The situation is even more problematic in the gas industry, where Gazprom is losing its position on the contracting European market and remains stuck in highly politicized bargaining with Ukraine (RBC, October 4). Gazprom’s hopes for overcoming these weaknesses are pinned on opening a high-volume export channel to China. But as more details emerge about this “strategic” deal, which was signed during Putin’s May visit to Shanghai, the gas agreement starts to look less and less profitable or, indeed, feasible (RBC Daily, October 2). Worry appears to be growing in the Kremlin about obstacles to the deal’s implementation (and, in particular, about the promised but postponed pre-payment, amounting to $25 billion). Thus, a mid-level Gazprom manager, who revealed that the business plan aims at a delay of at least two years, was unceremoniously sacked (, October 3).

Putin used to enrich political discourse with pledges about gas prices and promises of pipeline branches; but now these “mundane” matters have been supplanted by his thoughts regarding the international system at large, where an inherently hostile West seeks to subdue the defiant Russia. Economic logic fails to make an impression on this big picture, which is sharply skewed by Russian propaganda. Consequently, the public’s negative attitude toward the European Union continues to rise to almost match its views of the United States—68 percent and 73 percent, respectively (, October 3). This jingoist wave prevents the Kremlin from being able to soften the EU’s sanctions, which German Chancellor Angela Merkel—one of the few peers still talking to Putin—tries to hold out as a political incentive (, October 2).

Putin’s strategic policy of confrontation is a peculiar blend of conspiracy theories, parochial interests of a few loyal oligarchs, and propaganda clichés. Collectively, they support the regime’s ability to rule only over a “besieged fortress” (Novaya Gazeta, October 3). In order to sustain the momentum of national mobilization around the Kremlin towers and reinforce this self-righteous delusion, new “victories” have to be scored. Hence, the clashes around the Donetsk airport may at any moment shatter the fragile ceasefire in eastern Ukraine (, October 4). A sour economic reality of falling incomes and rising prices cannot be allowed to spoil the joy of joining the ranks of true “patriots” who reject the encroachments of the corrupt West and embrace the Russian leadership, corrupt as it may be (, October 3).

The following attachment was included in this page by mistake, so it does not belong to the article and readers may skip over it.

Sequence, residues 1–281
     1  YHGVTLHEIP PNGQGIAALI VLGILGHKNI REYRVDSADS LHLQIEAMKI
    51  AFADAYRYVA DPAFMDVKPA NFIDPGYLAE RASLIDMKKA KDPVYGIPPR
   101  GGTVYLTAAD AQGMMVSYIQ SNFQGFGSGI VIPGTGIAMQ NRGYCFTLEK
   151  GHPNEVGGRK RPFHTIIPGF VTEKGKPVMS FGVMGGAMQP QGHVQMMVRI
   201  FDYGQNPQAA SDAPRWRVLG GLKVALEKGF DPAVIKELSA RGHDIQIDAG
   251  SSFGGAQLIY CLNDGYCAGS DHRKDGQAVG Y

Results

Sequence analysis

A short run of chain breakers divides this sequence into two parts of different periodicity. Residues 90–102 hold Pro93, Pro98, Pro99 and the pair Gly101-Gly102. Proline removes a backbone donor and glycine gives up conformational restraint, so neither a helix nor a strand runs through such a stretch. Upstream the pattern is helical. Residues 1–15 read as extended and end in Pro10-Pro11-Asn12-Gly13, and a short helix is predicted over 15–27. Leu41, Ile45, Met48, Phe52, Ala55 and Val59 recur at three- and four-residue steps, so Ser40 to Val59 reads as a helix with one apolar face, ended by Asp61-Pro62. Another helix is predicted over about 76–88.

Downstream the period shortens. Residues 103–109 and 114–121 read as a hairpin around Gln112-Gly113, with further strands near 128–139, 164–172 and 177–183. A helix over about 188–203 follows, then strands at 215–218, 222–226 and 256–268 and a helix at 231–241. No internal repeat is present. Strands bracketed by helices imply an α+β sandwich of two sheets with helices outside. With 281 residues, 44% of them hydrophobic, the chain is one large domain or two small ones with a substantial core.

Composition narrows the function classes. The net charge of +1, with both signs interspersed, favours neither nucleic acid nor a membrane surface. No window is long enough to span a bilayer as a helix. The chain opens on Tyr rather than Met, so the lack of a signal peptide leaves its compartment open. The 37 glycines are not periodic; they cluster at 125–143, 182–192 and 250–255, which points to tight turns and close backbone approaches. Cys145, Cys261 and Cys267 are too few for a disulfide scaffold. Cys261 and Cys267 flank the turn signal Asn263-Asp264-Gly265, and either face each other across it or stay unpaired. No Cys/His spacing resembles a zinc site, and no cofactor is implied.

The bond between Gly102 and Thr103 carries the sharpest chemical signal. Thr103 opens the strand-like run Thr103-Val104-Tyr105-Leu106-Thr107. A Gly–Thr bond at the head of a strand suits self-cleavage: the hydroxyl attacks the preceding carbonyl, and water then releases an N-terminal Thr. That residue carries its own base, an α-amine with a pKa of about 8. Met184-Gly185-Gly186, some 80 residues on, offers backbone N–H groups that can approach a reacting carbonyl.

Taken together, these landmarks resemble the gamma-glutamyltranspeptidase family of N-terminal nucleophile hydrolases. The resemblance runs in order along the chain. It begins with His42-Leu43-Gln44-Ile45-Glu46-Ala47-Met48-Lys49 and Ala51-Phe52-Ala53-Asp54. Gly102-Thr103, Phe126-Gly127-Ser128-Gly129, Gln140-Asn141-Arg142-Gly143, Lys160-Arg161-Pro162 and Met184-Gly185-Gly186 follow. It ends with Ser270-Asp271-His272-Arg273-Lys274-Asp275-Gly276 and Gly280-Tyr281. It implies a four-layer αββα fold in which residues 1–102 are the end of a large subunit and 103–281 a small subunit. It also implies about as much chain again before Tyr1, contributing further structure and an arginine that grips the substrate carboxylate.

Mikhail Khodorkovsky, who has re-launched the Open Russia communication platform, warns that this pattern of authoritarian control cannot be broken by democratic means and that the domestic situation in Russia is deteriorating toward a crisis similar to the catastrophic spasm of 1917 (Moskovsky Komsomolets, October 3). This may appear as an over-dramatization. But the deterioration of the economy, propelled by the quasi-geopolitical decision making and the degradation of society, and all of it instigated by war propaganda, make for a self-destructive combination.

In early October 1993, Russia took a step back from the abyss of national catastrophe when tank salvoes in Moscow forced the vying political elites to find a compromise. But this autumn, tank battles in the eastern Ukrainian region of Donbas have destroyed Russia’s rationale for living in peace with its neighbors. The political class is, thus, compelled to keep going forward. A “freezing” of hostilities, which so many Western politicians are eager to see established as a beginning of crisis management, is just not an option for the party of war within the Kremlin’s corridors.